"Boldly styled. . . . [Gallant] manages to reveal so very much of a situation with rending economy. . . . Gallant's great achievement is to reveal the universality of difficult human experience."
National Post
"Happily, [these] stories have now been born again and they wear remarkably well."
Toronto Star

"Mavis Gallant writes some of the most superbly crafted and perceptive stories of our time."
Globe and Mail
"One of the best writers of our language, an artist who is above fad and fashion."
Saturday Night

"Reading any one of Mavis Gallant's stories is like viewing the entire universe through an electron microscope; in her hands fiction seems infinitely flexible and capacious. And all the complexity of insight, the breadth of understanding, the density of thought and intensity of feeling are delivered with thrilling charm, a thrilling lightness of touch."
— Deborah Eisenberg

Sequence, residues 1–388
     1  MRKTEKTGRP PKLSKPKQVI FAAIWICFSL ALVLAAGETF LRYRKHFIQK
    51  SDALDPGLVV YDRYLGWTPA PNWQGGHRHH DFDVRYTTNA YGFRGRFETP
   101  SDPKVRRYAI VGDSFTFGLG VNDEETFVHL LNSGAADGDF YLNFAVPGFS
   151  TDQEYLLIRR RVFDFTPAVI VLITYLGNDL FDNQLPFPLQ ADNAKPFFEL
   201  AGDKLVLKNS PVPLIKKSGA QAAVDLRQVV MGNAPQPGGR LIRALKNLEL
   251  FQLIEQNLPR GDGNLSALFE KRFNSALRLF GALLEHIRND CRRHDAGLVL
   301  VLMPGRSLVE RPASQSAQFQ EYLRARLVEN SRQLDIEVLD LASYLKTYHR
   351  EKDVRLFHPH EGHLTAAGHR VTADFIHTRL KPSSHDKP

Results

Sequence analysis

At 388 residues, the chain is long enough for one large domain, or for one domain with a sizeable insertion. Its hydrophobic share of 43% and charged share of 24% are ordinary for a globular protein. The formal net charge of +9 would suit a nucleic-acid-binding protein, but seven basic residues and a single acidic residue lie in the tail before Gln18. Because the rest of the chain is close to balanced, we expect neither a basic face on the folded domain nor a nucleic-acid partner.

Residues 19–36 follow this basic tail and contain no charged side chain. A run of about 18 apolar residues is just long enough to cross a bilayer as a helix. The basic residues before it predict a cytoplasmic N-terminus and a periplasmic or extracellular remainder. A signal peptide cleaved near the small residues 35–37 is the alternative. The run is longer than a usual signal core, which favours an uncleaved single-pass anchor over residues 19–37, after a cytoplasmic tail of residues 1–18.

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About the Authors

Mavis Gallant

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Alberto Manguel

Internationally acclaimed as an anthologist, translator, essayist, novelist, and editor, Alberto Manguel is the bestselling author of several award-winning books, including A Dictionary of Imaginary Places, with Gianni Guadalupi, and A History of Reading. Manguel grew up in Israel, where his father was the Argentinian ambassador. In the mid-1980s, Manguel moved to Toronto where he lived for twenty years. Manguel's novel, News from a Foreign Country Came, won the McKitterick Prize in 1992. In 2000, Manguel moved to the Poitou-Charentes region of France, where he and his partner purchased and renovated a medieval farmhouse.

Célébrité internationale à plus d’un titre — il est anthologiste, traducteur, essayiste, romancier et éditeur — Alberto Manguel est l’auteur du Dictionnaire des lieux imaginaires, en collaboration avec Gianni Guadalupi, et d’une Histoire de la lecture, entre autres succès de librairie. Manguel a grandi en Israël où son père était ambassadeur de l’Argentine. Au milieu des années 1980, Manguel s’installe à Toronto où il vivra pendant vingt ans. Il reçoit le McKitterick Prize en 1992 pour son roman News from a Foreign Country Came. Depuis 2000, Manguel habite la région française de Poitou-Charentes, dans une maison de ferme du Moyen-Âge qu’il a achetée et remise à neuf avec son compagnon.